Learning How To Breathe In My Own Cotton Rain

It’s raining.
The temperature is cold enough
to hold the outline of smoke
as it curls through weather
and follows the wind. On another
morning like this, we caught
our breath, eyes following the
geometry of fire escapes.

So whenever you come back
from wherever you roam
I’ll be building a house
that just might be our home

I stand at the doorway,
careful not to let the smell
into the house. Curls erupt out of
the spaces between fingers;
a chilled bottle of flat beer stands on the railing
next to me.
Water pops against the plastic
garden chairs where we used to talk.

I’ll be working my hands
to the bone

I’ll be working my hands
to the bone

Your notebook lies on the bed inside,
our laptop open with light
streaming into the waning
darkness that follows
heavy clouds. It’s been a year
since I opened Skype.

Cigarette ash cottons
down from the balcony,
spinning as if learning
how to fly.

My body quivers, warmed by
tobacco and chilled by alcohol. I draw
deep breaths, inhaling the solitary quiet.
The leaves do their fair share of roofing,
stray drops splinter into puddles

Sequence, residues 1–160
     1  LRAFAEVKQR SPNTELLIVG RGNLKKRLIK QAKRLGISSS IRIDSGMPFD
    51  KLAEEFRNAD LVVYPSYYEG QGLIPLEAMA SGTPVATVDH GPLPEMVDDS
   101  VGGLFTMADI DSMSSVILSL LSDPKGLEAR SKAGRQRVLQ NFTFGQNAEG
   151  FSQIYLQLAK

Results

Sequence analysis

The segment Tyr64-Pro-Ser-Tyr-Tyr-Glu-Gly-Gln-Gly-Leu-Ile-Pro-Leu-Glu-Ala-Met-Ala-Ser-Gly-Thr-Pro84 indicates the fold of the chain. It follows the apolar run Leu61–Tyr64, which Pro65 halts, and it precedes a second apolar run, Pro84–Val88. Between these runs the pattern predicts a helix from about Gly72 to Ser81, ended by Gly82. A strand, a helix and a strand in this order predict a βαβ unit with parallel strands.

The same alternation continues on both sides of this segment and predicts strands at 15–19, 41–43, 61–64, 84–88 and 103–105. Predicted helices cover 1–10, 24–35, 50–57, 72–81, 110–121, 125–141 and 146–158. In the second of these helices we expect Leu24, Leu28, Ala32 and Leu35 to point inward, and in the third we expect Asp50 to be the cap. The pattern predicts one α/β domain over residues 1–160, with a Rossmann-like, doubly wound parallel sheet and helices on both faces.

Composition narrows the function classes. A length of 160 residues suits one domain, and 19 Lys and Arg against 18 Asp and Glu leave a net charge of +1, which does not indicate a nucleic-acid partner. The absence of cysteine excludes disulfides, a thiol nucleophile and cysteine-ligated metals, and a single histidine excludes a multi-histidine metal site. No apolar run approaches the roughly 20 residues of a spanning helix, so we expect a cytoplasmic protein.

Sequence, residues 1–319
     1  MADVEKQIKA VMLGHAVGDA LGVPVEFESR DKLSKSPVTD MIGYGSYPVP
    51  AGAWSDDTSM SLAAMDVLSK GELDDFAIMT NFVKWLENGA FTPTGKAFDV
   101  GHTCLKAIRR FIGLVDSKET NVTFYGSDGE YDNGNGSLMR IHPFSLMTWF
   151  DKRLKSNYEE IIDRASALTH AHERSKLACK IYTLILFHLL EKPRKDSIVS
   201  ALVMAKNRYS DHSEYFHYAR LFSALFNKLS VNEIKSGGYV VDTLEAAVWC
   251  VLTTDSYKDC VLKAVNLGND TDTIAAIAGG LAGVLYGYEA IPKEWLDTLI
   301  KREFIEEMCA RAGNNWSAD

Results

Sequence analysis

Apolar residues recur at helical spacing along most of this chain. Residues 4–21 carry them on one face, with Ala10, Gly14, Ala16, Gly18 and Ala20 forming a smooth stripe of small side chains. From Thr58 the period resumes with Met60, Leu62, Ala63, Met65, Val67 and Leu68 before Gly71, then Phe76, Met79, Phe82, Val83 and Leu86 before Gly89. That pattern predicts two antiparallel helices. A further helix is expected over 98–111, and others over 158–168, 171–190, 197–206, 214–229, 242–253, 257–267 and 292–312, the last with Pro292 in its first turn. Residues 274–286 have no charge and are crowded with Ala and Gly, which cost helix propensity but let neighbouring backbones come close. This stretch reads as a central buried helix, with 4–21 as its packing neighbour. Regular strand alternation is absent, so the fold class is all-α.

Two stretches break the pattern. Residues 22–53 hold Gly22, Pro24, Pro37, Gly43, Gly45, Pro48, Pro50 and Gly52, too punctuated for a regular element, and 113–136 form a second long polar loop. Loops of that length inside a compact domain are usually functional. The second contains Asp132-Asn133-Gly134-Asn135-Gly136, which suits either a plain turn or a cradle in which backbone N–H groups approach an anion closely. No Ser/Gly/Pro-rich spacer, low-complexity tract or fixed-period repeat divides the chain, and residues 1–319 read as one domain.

nearby.

Somehow I think if I write enough songs,
I can win back the time,
and the things I’ve done wrong.

I hold the Night Sky With Exit Wounds
in my hand, thumb holding two pages
open. I try to read Aubade with Burning City
until the bleeding sky blurs the ink
as though our rain has caught the smoke. I know they’re
raindrops
because they can’t be tears.

So whenever you come back
from wherever you roam

We stood out here on rainy mornings,
the temperature cold enough
to outline your scent. You held
my hand, cold fingers
interlaced with warm. I didn’t need
to feel warm. Your white cotton dress
did not learn how to fly
but how to feel like you.

I was so careful
not to let your smell out of the house
that now I find it hard to disturb
what’s left. The first page of
Night Sky With Exit Wounds
carries a poem nobody else has read,
words I want nobody else to hear.

The rain slows and I draw one last breath
before heading back inside.

I’ll be building a house
that just might be our home.

 

 

Notes:

  • The song is called Learn How To Fight, by Besides Daniel. The title of the poem is inspired by the song.
  • Some of the language in the poem is influenced by the poetry of Ocean Vuong. Night Sky With Exit Wounds is his latest book of poetry, and Aubade with Burning City is a part of it.

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